A Thought Leader Guest Post from Dr. Fred Haney, Author of The Fundable Startup:
How should a startup company compensate its advisors?
This is a tricky question because there are no guidelines and most founders do not have experience in this area. But there are some general principles that can help you arrive at compensation that should be fair to the company and attractive to your advisors.
One obvious approach is to try to give your advisors an interest in your start up that is comparable to the dollar value of the time you expect them to contribute. This assumes of course that you can anticipate how much of their time you will need and how to value that time. For example, if you want to buy $25,000 worth of an advisor’s time and your company is worth $2 million, then you could give that advisor an option to purchase 1.25% of the company. Some advisors might reasonably want a premium in exchange for the risk and delay in payment they are taking, so you might settle on something like 2.5%, for example.
Another important principle, I believe, is that an advisor’s compensation should be comparable to the value he or she is likely to add to the company. The concept of “value-added” is subjective, but it is possible to make reasonable estimates as to the value of some contributions.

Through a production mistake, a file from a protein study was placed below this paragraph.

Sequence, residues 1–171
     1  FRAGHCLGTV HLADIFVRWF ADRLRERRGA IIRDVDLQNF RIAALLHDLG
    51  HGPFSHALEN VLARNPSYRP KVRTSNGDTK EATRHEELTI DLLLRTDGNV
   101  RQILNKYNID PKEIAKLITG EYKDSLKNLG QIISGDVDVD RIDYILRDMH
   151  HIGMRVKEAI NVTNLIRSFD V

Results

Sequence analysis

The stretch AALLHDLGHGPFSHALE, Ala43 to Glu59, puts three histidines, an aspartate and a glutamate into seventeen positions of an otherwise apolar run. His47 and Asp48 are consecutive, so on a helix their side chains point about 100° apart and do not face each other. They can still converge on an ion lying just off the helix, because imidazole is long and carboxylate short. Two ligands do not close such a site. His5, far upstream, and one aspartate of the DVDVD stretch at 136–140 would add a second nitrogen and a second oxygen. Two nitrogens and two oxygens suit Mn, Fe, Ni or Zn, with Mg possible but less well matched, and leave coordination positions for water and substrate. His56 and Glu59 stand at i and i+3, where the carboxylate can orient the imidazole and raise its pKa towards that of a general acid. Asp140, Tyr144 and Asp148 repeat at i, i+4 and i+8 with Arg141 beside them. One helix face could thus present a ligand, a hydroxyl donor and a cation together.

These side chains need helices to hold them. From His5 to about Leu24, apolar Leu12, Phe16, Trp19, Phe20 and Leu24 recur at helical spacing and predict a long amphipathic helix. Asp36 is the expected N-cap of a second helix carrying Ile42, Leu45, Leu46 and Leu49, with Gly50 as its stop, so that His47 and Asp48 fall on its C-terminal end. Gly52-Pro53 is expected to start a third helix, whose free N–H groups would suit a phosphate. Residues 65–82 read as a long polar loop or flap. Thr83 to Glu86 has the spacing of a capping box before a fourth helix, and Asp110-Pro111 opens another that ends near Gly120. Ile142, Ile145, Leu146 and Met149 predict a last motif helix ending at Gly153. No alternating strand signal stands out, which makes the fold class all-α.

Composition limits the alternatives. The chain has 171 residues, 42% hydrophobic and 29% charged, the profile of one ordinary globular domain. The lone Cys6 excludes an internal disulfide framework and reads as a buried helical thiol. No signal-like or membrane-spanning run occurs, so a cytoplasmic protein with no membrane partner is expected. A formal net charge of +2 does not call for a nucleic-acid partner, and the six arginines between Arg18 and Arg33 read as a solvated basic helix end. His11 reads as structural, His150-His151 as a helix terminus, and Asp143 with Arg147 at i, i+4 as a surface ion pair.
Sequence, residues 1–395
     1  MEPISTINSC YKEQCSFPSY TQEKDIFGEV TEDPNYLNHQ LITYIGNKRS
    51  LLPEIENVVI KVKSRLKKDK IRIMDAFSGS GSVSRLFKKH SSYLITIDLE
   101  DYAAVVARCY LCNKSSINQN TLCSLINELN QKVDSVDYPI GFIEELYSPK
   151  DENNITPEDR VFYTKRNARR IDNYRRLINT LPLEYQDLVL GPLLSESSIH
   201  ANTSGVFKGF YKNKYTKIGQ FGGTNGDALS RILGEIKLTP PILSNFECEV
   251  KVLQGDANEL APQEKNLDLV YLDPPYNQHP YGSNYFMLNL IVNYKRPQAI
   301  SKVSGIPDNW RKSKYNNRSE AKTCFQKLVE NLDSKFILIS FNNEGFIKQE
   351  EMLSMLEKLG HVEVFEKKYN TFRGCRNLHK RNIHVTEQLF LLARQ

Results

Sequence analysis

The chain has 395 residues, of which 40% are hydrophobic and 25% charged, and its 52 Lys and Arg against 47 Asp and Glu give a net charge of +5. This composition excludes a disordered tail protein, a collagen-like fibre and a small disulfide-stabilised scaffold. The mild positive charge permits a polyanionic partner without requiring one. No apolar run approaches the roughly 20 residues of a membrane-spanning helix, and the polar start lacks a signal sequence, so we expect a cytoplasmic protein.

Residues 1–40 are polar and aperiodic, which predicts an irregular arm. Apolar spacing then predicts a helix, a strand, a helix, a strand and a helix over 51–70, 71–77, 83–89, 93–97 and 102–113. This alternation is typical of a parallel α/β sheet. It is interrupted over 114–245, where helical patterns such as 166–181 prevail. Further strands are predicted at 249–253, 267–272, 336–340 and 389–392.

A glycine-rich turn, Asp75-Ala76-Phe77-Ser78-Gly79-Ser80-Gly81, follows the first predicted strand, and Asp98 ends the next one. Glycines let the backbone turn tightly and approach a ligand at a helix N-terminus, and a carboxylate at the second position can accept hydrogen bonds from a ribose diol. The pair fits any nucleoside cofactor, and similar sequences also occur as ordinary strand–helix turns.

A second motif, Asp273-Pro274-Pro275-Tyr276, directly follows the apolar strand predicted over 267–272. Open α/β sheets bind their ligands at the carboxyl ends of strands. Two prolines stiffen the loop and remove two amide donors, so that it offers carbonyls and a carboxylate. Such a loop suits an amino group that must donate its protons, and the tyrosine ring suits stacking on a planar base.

“How much we owe to good teachers, good education, and good advice!”— Robert Mundell
Valuing Early Contributions
In the very early stages of a startup—before any capital has been raised—the value of the company might be something like $1-2 Million. At this stage, it may be possible for an experienced advisor to add a few percentage points in value or possibly as much as ...
About the Author
Thanks for this Guest Post to Dr. Fred Haney, the Founder and President of the Venture Management Company, a firm that provides assistance to high tech companies. He is the author of The Fundable Startup: How Disruptive Companies Attract Capital, published by Select Books of New York.
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